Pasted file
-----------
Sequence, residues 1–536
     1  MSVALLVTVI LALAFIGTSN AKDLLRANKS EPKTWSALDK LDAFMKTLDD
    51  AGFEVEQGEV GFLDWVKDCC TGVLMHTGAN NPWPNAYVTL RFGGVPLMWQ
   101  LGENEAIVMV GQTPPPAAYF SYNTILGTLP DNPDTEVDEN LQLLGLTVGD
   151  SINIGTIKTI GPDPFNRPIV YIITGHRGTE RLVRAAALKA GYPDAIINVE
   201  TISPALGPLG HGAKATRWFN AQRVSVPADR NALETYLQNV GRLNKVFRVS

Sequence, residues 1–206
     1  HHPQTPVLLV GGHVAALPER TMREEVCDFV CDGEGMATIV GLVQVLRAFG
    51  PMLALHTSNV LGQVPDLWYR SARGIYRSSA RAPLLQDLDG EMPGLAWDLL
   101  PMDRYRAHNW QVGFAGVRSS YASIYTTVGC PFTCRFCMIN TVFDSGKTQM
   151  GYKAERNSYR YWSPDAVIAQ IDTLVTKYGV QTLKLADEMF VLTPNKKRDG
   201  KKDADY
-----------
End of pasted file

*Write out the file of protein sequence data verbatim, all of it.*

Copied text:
Sequence, residues 1–536
     1  MSVALLVTVI LALAFIGTSN AKDLLRANKS EPKTWSALDK LDAFMKTLDD
    51  AGFEVEQGEV GFLDWVKDCC TGVLMHTGAN NPWPNAYVTL RFGGVPLMWQ
   101  LGENEAIVMV GQTPPPAAYF SYNTILGTLP DNPDTEVDEN LQLLGLTVGD
   151  SINIGTIKTI GPDPFNRPIV YIITGHRGTE RLVRAAALKA GYPDAIINVE
   201  TISPALGPLG HGAKATRWFN AQRVSVPADR NALETYLQNV GRLNKVFRVS

Sequence, residues 1–206
     1  HHPQTPVLLV GGHVAALPER TMREEVCDFV CDGEGMATIV GLVQVLRAFG
    51  PMLALHTSNV LGQVPDLWYR SARGIYRSSA RAPLLQDLDG EMPGLAWDLL
   101  PMDRYRAHNW QVGFAGVRSS YASIYTTVGC PFTCRFCMIN TVFDSGKTQM
   151  GYKAERNSYR YWSPDAVIAQ IDTLVTKYGV QTLKLADEMF VLTPNKKRDG
   201  KKDADY